Undoubtedly, one of the greatest blessings on earth is water. The power of water was carried to different dimensions with the discovery of electricity in the 18th and 19th centuries. The increasing energy needs, especially due to the developments in the 20th century, called for more investment in this area. In the past century, we've seen a number of investments in large dams that can meet growing water and electricity needs.
Hydropower is the production of electrical energy from the power of water accumulating in a dam and flowing over turbines. Here, the kinetic energy generated by the movement of water is harnessed. By means of turbines, this energy is first converted into mechanical and then electrical energy.
Today, fossil fuels are used extensively in the production of energy that is used in almost every field. As a byproduct of this, greenhouse gases are released into the atmosphere, which can increase the temperature of our world and cause pollution. In the sixth evaluation report of the Intergovernmental Panel on Climate Change (IPCC), which was introduced on Aug. 9, it is stated that global greenhouse gases have increased at an unprecedented rate, resulting in a 1.1 degrees Celsius (2 degrees Fahrenheit) rise in global temperature compared to the preindustrial period.
According to the assessments of the International Energy Agency, at least 66% of the greenhouse gases formed on a global basis originates from energy production and use activities. Electricity production is also responsible for one-third of greenhouse gases. Since 1970, there has been a threefold increase in greenhouse gases from electrical power generation.
The latest IPCC report states that greenhouse gas emissions must be reduced in order to limit the global temperature increase to 1.5 degrees Celsius by 2050, which is the main target of the Paris Agreement. At this point, the energy sector, which is the most important source of greenhouse gas, has special importance. In this respect, there is a marked trend toward renewable energy sources in the world.
Renewable energy sources both have very low environmental footprints and are essentially nature-friendly applications with their zero-emission feature in terms of greenhouse gas. The low carbon footprints of hydroelectric power plants (HEPP) are equivalent to the carbon footprint of bicycle transportation, which is the most environmentally friendly mode of transportation. In other words, the carbon dioxide emissions caused by 1 kWh of energy production are almost equal to the carbon dioxide emissions caused by 1 kilometer (half a mile) of cycling.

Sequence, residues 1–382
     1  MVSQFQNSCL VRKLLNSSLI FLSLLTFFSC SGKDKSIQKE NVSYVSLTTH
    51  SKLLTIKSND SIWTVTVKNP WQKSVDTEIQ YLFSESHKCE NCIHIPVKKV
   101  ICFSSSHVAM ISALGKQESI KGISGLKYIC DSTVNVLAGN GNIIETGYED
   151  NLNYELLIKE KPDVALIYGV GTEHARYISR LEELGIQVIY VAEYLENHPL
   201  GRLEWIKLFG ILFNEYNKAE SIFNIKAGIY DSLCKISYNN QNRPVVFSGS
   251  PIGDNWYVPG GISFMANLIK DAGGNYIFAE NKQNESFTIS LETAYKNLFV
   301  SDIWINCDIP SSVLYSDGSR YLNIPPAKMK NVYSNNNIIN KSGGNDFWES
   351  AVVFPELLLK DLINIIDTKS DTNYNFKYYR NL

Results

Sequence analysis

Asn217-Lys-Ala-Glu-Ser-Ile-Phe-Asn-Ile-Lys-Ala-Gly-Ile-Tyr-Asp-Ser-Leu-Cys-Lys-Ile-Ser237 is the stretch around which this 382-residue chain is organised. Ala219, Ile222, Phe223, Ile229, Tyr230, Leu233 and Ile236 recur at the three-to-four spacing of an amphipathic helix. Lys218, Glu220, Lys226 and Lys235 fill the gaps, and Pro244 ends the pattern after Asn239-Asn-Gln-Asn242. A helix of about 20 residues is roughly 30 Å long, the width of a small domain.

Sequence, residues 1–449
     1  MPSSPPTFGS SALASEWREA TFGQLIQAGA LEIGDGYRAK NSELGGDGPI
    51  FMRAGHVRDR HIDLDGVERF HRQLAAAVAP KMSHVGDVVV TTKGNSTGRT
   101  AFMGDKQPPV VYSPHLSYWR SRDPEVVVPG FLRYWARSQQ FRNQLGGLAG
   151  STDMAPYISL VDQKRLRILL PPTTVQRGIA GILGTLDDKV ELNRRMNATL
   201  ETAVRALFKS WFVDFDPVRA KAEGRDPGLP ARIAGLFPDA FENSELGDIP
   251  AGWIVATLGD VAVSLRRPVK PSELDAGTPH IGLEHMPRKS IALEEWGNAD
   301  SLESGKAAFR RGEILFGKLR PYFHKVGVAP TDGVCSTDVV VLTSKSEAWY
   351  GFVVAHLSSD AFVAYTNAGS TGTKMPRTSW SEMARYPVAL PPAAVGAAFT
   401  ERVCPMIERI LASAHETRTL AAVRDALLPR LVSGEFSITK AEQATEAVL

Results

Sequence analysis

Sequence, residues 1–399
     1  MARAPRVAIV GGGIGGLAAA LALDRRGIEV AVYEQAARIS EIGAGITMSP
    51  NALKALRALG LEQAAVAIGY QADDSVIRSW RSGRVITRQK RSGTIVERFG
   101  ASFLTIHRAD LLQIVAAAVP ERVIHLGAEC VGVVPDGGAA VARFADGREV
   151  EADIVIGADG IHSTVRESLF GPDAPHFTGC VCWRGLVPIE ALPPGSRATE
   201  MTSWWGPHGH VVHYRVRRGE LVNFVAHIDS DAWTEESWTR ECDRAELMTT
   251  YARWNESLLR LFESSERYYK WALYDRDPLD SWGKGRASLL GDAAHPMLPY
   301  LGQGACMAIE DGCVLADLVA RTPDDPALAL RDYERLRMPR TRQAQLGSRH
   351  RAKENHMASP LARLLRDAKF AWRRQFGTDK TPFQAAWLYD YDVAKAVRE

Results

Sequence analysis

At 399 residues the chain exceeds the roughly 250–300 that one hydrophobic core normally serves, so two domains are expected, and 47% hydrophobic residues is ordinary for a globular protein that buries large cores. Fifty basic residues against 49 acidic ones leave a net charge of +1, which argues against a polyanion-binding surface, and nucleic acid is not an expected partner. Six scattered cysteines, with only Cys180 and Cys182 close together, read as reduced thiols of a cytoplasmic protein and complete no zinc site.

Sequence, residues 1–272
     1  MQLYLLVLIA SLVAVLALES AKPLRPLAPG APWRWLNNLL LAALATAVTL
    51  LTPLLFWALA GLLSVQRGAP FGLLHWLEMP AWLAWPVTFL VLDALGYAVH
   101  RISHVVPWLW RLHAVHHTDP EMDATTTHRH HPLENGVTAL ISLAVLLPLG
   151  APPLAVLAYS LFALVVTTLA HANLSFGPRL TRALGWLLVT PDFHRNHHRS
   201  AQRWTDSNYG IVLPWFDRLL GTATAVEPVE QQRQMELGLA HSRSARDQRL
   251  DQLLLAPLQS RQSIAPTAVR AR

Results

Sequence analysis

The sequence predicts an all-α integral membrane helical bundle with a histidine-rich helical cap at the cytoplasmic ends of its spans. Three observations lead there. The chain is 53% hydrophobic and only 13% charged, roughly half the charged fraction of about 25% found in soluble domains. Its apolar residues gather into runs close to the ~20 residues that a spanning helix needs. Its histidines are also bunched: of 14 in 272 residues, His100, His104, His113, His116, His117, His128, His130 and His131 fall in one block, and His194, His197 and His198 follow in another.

According to the evaluations of the "2020 Hydroelectric Status Report" published by the International Hydroelectricity Association (IHA), if there were thermal power plants instead of the existing HEPPs in the world, 4 billion tons more greenhouse gas would have been emitted annually. Again, we would be breathing in at least 150 million tons more air pollutants annually.
According to the evaluations of the International Renewable Energy Agency (IRENA), the total hydroelectric installed power on a global scale has exceeded 1,330 gigawatts (GW). HEPPs at 47.5% constitute almost half of the installed power of all renewable resources. Worldwide, 4,000 terawatt-hours of electrical energy is obtained from this installed power of water on an annual basis. This value corresponds to an amount that can meet the needs of 1 billion people.
In 2020, on the basis of HEPP investments, a total of 21 GW installed power was added worldwide. According to IRENA data, while China made the biggest contribution to this increase with 12 GW, Turkey became the second-largest growth country in the world in 2020 with an installed power increase of 2.5 GW.
In Turkey, a country that is developing and growing day by day, energy has become an inseparable part of our lives. In order to meet the increasing consumer demand, our installed power capacity is constantly increasing. According to the data of the Ministry of Energy, the total installed power of Turkey has exceeded 98,000 megawatts (MW) with an increase of 3 1/2 times in the last 20 years.